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In computer science, the syntax of a computer language is the set of rules that defines the combinations of symbols that are considered to be correctly structured statements or expressions in that language. This applies both to programming languages, where the document represents source code, and to markup languages, where the document represents data.
The syntax of a language defines its surface form. Text-based computer languages are based on sequences of characters, while visual programming languages are based on the spatial layout and connections between symbols (which may be textual or graphical). Documents that are syntactically invalid are said to have a syntax error. When designing the syntax of a language, a designer might start by writing down examples of both legal and illegal strings, before trying to figure out the general rules from these examples.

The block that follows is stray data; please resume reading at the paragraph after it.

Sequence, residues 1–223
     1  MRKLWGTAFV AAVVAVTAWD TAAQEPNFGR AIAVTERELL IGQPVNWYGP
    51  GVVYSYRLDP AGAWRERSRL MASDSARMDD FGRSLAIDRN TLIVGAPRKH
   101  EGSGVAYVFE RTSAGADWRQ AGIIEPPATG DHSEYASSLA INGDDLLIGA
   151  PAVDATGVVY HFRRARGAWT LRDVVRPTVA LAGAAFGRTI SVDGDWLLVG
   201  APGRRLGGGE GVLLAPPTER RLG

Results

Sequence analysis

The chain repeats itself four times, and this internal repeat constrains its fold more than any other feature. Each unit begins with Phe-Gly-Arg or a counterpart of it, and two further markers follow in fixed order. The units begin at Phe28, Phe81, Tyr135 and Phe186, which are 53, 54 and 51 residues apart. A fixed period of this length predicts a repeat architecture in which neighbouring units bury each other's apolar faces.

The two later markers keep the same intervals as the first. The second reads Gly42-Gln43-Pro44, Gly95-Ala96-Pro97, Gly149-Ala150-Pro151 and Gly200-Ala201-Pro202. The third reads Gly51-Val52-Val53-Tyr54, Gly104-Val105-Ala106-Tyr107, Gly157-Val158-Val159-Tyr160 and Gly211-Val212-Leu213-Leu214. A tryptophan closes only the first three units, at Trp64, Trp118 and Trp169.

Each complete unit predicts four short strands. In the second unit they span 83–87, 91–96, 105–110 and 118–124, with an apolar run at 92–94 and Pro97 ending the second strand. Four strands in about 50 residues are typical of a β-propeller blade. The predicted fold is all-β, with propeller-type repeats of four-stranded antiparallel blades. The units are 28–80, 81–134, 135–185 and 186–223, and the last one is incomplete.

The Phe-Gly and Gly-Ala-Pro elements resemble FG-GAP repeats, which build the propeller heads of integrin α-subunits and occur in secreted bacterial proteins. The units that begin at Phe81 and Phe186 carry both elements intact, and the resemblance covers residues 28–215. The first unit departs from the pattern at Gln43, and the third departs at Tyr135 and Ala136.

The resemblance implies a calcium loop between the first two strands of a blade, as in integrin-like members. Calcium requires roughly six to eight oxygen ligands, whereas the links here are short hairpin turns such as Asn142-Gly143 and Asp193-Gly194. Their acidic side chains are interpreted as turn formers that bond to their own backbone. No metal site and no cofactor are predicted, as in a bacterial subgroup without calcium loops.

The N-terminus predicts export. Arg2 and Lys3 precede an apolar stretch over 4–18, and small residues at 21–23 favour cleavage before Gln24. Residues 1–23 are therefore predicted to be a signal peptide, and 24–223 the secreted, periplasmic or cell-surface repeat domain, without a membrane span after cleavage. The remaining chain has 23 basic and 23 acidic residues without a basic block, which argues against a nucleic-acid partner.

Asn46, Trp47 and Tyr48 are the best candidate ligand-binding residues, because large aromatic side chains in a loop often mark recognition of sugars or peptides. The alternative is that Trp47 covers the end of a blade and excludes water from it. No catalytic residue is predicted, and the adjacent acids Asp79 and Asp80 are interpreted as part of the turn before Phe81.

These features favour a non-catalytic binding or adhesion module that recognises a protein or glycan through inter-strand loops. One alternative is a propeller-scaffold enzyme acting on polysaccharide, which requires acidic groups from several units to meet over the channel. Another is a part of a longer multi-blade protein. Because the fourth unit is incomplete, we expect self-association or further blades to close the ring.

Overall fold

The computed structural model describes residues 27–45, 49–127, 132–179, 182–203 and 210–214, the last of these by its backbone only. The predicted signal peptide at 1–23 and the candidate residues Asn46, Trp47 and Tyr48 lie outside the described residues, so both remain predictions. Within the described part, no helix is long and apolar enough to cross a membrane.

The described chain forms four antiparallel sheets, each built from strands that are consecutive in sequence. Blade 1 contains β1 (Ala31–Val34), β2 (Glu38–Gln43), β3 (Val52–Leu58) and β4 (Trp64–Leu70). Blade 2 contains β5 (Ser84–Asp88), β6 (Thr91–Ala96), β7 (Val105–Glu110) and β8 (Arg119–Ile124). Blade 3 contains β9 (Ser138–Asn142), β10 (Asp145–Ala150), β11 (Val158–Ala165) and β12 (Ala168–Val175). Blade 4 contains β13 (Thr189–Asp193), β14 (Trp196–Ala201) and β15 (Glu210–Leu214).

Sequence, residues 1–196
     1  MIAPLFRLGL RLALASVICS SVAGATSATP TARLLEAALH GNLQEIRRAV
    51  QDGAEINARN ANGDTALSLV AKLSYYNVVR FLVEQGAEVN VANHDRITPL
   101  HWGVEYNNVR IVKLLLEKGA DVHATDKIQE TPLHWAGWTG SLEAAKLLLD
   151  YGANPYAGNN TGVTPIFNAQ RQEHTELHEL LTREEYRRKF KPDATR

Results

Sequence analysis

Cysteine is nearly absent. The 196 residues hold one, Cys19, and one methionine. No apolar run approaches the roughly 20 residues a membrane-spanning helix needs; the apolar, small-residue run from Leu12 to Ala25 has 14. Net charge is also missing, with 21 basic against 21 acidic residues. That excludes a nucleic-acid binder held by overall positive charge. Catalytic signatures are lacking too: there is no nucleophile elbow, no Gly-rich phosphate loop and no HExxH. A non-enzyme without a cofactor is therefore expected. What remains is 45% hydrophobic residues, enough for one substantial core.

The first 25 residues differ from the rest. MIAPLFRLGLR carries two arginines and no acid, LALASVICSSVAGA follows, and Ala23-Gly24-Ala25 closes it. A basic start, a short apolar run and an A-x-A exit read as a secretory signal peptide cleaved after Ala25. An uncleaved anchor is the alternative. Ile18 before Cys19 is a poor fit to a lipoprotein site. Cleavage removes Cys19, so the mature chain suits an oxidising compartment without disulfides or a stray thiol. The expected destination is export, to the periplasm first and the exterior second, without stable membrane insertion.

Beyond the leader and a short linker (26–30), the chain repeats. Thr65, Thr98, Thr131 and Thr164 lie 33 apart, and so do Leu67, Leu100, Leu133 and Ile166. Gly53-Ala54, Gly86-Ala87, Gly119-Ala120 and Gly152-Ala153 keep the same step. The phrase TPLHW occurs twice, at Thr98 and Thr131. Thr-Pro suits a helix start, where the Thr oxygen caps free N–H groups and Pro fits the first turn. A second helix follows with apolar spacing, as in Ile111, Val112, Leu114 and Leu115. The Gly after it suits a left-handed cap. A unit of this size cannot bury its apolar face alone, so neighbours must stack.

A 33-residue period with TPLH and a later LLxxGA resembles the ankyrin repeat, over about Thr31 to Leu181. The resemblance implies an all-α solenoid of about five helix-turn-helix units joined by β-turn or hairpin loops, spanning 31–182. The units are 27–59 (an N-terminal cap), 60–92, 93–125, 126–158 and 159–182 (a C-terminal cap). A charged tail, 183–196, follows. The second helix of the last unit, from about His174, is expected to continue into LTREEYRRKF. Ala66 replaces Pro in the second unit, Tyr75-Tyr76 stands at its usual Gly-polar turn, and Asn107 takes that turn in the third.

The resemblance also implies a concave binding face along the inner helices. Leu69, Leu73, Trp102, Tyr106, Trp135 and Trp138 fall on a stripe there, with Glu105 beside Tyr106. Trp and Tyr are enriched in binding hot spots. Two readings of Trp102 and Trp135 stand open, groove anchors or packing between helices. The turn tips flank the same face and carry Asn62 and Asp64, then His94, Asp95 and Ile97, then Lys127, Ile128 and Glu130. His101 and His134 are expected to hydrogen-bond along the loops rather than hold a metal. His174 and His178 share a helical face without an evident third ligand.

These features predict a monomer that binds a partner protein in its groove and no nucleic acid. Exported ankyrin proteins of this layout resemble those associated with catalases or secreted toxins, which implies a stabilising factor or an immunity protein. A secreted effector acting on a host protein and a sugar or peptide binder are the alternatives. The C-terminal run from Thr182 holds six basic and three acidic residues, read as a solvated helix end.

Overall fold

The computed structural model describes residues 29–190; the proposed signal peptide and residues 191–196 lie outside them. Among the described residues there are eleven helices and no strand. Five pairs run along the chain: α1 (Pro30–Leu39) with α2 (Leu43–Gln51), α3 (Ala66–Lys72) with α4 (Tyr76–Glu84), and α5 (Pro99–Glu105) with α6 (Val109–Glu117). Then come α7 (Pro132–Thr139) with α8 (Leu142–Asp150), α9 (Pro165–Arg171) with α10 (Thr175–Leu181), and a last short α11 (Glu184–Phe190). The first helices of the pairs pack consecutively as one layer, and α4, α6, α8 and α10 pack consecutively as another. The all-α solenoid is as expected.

Syntax therefore refers to the form of the code, and is contrasted with semantics – the meaning. In processing computer languages, semantic processing generally comes after syntactic processing; however, in some cases, semantic processing is necessary for complete syntactic analysis, and these are done together or concurrently. In a compiler, the syntactic analysis comprises the frontend, while the semantic analysis comprises the backend (and middle end, if this phase is distinguished).
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